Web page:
Psychologists Have Figured Out Why Those 'Virginity Pledges' Never Seem to Work


Staying "pure" before marriage isn't all it's cracked up to be for young adults, according a new study published in the Journal of Child and Family Studies.

Yes, virginity pledges, which enjoyed a measure of popularity among child stars including Jordin Sparks, the Jonas Brothers, Miley Cyrus and Selena Gomez, are no longer in the headlines, but nevertheless still exist. Supporting previous research, this study surveyed 1,380 students at a "large, public Southeastern state university" in an effort to study the actual results of such pledges, paying careful attention to the way relgiong figured into the mix. Over 25% of these students had pledged to keep their virginity until marriage, which is in accordance with the national average of teens and young adults who have made the pledge.

Not surprisingly, religion plays a significant role in the degree to which virginity pledges succeed in their goal. Here, researchers demarcate between "religious participation" and "religious commitment," the difference of which is significant when understanding how and why some young adults keep their pledge and others do not.

"When religious commitment is high, adherence to the pledge is greater. However, for pledge signers with low religious commitment, there are unintended negative consequences with regard to increased participation in risky sexual behaviors, whether compared to other people who signed the pledge who are equally committed to their religion or to individuals who have never taken such a pledge."

In other words, religious participation — going to church seven days a week and participating in the church's youth group and other events — without serious commitment to the faith may make a person integral to the church's society but it is not a definitive indicator that one will keep his virginity pledge.

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This of course is because participation is not a holistically true sign of one's faith, which is why "religious commitment" is a stronger indicator of a young adult's ability to keep his virginity pledge. That is, if one is devoutly religious, that faith — which resides in them and not on some piece of paper — signifies their ability to remain a virgin until marriage.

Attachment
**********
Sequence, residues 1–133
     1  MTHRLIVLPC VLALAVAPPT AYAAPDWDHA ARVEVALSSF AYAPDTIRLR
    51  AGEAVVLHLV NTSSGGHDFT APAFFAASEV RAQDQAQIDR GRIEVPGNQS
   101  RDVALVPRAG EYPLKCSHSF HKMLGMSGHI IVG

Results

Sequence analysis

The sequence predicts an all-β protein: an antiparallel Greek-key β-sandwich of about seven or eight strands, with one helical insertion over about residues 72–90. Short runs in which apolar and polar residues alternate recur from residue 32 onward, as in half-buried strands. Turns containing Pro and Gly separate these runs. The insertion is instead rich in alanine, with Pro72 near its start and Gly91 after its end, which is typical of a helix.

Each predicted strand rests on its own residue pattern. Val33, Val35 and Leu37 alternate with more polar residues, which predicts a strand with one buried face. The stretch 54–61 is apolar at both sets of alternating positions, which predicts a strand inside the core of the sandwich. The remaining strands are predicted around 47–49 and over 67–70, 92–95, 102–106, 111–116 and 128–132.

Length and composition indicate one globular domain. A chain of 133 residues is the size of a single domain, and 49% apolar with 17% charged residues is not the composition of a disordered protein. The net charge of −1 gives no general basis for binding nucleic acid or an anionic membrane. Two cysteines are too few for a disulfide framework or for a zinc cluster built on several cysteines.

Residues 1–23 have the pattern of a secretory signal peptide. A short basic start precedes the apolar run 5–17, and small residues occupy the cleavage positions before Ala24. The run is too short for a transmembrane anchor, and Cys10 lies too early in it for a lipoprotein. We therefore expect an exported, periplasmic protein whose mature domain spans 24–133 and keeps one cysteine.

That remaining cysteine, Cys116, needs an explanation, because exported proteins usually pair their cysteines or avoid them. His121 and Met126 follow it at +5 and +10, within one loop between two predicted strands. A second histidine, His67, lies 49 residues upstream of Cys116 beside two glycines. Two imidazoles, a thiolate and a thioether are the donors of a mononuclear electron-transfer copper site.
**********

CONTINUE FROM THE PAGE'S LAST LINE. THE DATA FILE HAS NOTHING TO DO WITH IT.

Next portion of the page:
But while truly committed pledgers may delay sex due to their pledge, those with less serious commitment may suffer from unintentended consequences. As reported at :

The finding that pledge signers with low religious commitment have more oral sex partners than non-pledge signers is consistent with previous research suggesting that virginity pledges encourage risky non-coital sexual behavior as a way for pledgers to 'preserve' their virginity.

It's almost as if signing a purity contract creates an immediate reactionary effect; young people feel hemmed in and want to test the parameters of the contract — first a little kissing, then a little groping — once the ball gets rolling, it's hard to stop completely. Ultimately, researchers found that once pledgers realize their God hasn't smote them, coupled with the fact that kids love to take risks, they usually go "all the way": "researchers point out that these pledges, once broken, may leave kids little incentive not to keep having risky sex if they haven't been given comprehensive sex ed alongside the virginity pledge."

This isn't entirely new information — a large study conducted by the Johns Hopkins Bloomberg School of Public Health several years ago found similar ineffectiveness, noting that those who took pledges weren't less likely to have sex, but were less likely to use proper contraception methods. And yet, for years, American students have been taught abstinence-only sex education proven not to work. How many studies do we need before we stop buying into the myth that abstinence before marriage makes you somehow more pure?